Understanding Tax Accounting for the Construction Industry

03/15/2022 Christine Bieniosek
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The IRS continues to scrutinize the “tax gap” — the amount between taxes that are voluntarily paid and the amount the tax agency believes is actually due.

To this end, the IRS has issued a series of documents to provide better understanding of the tax code. One example is specifically directed at the construction industry.

The IRS emphasizes instances where taxpayers failed to report, or under-reported, income from construction activities. This applies to individual workers as well as contractors and subcontractors. The following are the highlights:

Accounting Methods

Generally, income and expenses are calculated using either the cash method or the accrual method of accounting. “Either method must clearly reflect a consistent treatment of income and expenses from year to year,” the IRS notes.

Many construction businesses use two different tax accounting methods: one for long-term contracts and an overall method for all other items, which is often the accrual method.

  1. Accrual accounting: This method requires reporting income in the year earned and expenses in the year incurred. The purpose of an accrual method of accounting is to match income and expenses in the correct year.Two commonly used accrual methods are used in the construction industry:
    • Under the “completed contract method,” all income and expenses from a contract are reported when the project is completed and accepted by the customer.
    • With the “percentage of completion method,” income is reported proportionate to the costs incurred to date as compared to total estimated costs for the contract.

2. Cash accounting: As the name implies, cash receipts are reported as income when received and expenses are reported when paid. For this purpose, receipt occurs when a contractor has unrestricted access to income. Contractors who are able to receive money in one year, but chose to defer receipt, must include the cash as income in the earlier year.

Note that construction businesses operating as a C corporation, or a partnership with a C corporation as a partner with average annual gross receipts exceeding $5 million, may not be allowed to use the cash accounting method.

Deductible Expenses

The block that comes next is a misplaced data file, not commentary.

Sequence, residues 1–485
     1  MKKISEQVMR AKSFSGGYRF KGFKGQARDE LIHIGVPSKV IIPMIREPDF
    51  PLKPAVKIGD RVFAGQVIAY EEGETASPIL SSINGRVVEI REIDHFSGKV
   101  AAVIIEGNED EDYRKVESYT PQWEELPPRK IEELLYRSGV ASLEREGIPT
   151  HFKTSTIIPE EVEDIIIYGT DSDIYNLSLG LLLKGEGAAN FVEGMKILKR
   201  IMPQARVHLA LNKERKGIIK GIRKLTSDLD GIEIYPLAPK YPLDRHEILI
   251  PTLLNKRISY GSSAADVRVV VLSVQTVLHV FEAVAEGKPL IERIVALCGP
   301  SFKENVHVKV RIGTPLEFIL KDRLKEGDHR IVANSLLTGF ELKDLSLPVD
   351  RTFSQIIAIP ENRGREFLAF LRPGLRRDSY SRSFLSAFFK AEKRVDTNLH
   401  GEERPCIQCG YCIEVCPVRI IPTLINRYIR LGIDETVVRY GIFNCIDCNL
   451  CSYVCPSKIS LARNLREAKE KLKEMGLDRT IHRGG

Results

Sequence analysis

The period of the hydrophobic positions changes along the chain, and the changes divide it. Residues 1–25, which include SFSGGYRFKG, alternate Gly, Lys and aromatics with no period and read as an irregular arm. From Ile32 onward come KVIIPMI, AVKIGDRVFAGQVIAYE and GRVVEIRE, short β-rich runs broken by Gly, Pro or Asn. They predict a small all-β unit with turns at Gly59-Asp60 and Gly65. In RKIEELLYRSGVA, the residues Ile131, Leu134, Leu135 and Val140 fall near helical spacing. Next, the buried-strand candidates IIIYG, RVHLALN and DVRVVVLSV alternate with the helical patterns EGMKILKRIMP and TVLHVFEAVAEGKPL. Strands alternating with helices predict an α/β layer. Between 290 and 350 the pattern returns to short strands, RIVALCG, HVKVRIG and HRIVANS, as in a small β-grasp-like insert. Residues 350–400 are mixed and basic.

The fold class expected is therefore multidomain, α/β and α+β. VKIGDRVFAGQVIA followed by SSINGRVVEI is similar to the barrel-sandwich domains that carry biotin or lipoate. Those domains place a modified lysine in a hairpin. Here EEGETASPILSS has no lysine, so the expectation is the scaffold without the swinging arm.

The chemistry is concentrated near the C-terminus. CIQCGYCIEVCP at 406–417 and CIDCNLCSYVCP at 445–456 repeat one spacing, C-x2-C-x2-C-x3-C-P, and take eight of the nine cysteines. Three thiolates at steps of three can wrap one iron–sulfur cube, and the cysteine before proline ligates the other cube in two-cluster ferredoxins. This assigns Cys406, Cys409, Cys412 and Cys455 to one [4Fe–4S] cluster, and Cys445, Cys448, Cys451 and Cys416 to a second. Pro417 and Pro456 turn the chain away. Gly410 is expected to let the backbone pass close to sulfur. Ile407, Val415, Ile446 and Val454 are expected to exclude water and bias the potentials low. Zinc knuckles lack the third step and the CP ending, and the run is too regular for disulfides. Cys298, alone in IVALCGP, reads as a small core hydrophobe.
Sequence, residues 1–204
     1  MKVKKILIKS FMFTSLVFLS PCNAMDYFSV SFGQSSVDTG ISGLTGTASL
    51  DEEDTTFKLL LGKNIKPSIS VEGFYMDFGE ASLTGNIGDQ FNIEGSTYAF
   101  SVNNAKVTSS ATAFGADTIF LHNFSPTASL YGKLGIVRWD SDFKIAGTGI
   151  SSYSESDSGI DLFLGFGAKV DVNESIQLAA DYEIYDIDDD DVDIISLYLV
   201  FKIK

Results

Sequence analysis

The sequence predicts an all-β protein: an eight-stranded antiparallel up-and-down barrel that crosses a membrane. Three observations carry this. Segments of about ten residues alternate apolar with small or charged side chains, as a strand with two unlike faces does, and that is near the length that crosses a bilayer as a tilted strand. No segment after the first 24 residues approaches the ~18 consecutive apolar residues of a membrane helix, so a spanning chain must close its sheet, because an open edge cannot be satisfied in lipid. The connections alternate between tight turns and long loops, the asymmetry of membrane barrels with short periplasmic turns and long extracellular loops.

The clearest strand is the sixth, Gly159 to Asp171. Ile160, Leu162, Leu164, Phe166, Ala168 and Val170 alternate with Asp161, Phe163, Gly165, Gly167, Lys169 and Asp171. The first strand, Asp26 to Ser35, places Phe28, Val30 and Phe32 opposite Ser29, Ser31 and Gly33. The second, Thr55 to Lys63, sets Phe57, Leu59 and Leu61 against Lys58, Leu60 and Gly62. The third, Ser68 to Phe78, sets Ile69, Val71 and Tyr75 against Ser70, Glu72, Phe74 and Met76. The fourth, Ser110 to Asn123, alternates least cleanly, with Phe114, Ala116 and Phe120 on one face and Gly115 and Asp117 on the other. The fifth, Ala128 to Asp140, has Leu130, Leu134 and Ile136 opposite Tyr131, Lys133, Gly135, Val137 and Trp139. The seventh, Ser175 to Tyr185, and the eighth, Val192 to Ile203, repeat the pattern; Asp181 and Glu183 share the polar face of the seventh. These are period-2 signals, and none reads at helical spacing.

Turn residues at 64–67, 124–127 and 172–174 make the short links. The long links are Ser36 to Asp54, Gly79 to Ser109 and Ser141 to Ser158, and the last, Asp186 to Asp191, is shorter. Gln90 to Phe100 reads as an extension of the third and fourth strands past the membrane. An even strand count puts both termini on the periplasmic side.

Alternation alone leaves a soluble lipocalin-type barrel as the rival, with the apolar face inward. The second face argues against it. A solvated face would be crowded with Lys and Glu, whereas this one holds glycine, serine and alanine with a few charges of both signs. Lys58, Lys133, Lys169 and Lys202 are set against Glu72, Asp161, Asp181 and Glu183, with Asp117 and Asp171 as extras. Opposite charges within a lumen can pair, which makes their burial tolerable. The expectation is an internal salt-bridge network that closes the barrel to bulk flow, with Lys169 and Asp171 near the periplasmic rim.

It is well-established that a construction business can deduct ordinary and necessary business expenses. An “ordinary” expense is one that is common and accepted in the construction business. A “necessary” expense is one that is helpful and appropriate for the construction business. Note: The expense does not have to be indispensable to be considered necessary.

Several common business expenses that may be deducted in the year they are incurred are:

  • Utilities;
  • Car and truck expenses;
  • Advertising;
  • Employee salaries;
  • Trade association dues;
  • Rent expense;
  • Supplies;
  • Continuing education;
  • Small tools expected to last one year or less;
  • Steel toe work boots; and
  • Business licenses.

The cost of business assets that are expected to last more than one year must be capitalized and depreciated over their useful lives. Some examples of these assets include:

  • Cement mixers;
  • Compressors;
  • Ladders;
  • Other heavy machinery; and
  • Buildings and real property.

Be aware that personal expenses such as clothing that can be worn off the job site, fines and penalties, and the non-business use of vehicles or computers, can’t be deducted. Other expenses, including certain meal and entertainment expenses, may be deductible in part or only if certain conditions are met. As always, timely and accurate bookkeeping of these expenses is key to compliance.

The onus is on you to comply and stay up to date with current tax codes and regulations. For more information about construction-specific tax law and items of note for this year and beyond, please contact Christine Bieniosek, CPA at cbieniosek@vlcpa.com or 1-800-887-0437.

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